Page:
Ford planned to compete at the Sebring 12 Hours in 1964, but the cars were not ready. Their first race was the Nurburgring 1000 Kilometers, just a few weeks before Le Mans, The solo entry retired with mechanical problems which would plague them all season, with all 3 cars retiring from Le Mans with gearbox problems. They were using Colotti transaxles at the time, which were scrapped by the end of the season, following further problems at Reims and the Grand Prix of Paris.
Deeply dissatisfied with the lack of progress, Ford split up the GT-40 program among three teams for the 1965 season, giving two cars to the successful NASCAR Holman and Moody team, two to Shelby-American Racing, with the remaining two cars run by Ford Special Vehicles in England.
The 1965 season began very auspiciously for Ford. The Daytona race was still a 2000 Kilometer event, and would not become the 24-Hour race we know so well now until the following year in 1966. Ford dominated the race, winning overall in a Shelby-American GT-40, and winning the GT class as well with the Cobra Coupe. Ford finished 1-4, with 2 GT-40’s and two Cobra Coupes, setting the stage for the Sebring 12 Hours the following month.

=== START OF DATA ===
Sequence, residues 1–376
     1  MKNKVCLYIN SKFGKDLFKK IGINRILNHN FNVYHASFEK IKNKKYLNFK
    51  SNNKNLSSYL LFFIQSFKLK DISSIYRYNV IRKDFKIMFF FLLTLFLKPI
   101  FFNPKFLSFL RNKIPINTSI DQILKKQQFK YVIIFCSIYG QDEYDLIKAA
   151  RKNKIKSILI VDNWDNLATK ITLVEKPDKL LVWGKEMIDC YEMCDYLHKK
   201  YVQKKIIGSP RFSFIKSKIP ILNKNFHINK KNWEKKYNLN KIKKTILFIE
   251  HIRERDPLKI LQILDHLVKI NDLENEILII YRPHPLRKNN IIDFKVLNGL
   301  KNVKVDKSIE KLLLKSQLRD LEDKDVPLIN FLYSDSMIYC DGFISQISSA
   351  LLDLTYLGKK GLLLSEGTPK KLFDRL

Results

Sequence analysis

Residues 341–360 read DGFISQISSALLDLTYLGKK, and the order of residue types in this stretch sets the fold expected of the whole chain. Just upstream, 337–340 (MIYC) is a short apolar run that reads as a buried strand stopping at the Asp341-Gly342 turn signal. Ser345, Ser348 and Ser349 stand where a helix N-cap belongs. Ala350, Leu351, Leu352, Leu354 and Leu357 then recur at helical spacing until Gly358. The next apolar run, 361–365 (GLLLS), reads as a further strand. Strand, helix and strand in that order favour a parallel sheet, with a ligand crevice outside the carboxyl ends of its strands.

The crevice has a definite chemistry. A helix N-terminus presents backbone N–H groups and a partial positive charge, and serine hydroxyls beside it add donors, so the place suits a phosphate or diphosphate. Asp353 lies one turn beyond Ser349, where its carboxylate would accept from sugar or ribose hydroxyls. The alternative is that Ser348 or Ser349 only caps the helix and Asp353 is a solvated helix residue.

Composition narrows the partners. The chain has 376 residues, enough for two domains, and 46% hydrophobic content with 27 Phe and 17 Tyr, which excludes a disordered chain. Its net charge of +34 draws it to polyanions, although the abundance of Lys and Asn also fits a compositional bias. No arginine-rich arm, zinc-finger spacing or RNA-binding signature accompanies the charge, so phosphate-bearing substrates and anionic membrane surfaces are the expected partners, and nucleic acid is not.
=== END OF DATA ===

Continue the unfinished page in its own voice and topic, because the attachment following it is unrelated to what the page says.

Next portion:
Alec Ullmann, the originator and promoter of the Sebring race, decided to spice up the race by adding a class he called Sports Prototype, designed for cars currently competing in the US Road Racing Championship, the forerunner of the Can-Am. Cars entered in this class included two Chaparrals, cars I had learned to love reading about them in racing magazines. They were beautiful, innovative, and successful, the brain child of two wily Texas oilmen who were also trained engineers; Jim Hall and Hap Sharp. Other entries in the class included a Cooper King Cobra and Lola T-70, entered by another Texas oilman, John Mecom, and a Lotus 19-Ford entered by Dan Gurney’s All-American Racers, driven by Gurney and Jerry Grant. None of these cars were expected to finish, since virtually all of their usual races were no longer than 200 miles, but Mr. Ullmann expected them to add some spice to the early hours of the race, before it settled down into a battle between the GT-40’s entered by Shelby-American, the only team ready to compete in the race, and the Ferraris, with the Holman and Moody and Ford teams concentrating on preparations for Le Mans. The Chaparrals dominated qualifying with the Hall/Sharp car becoming the first to lap the circuit, then 5.2 miles long, in under 3 minutes.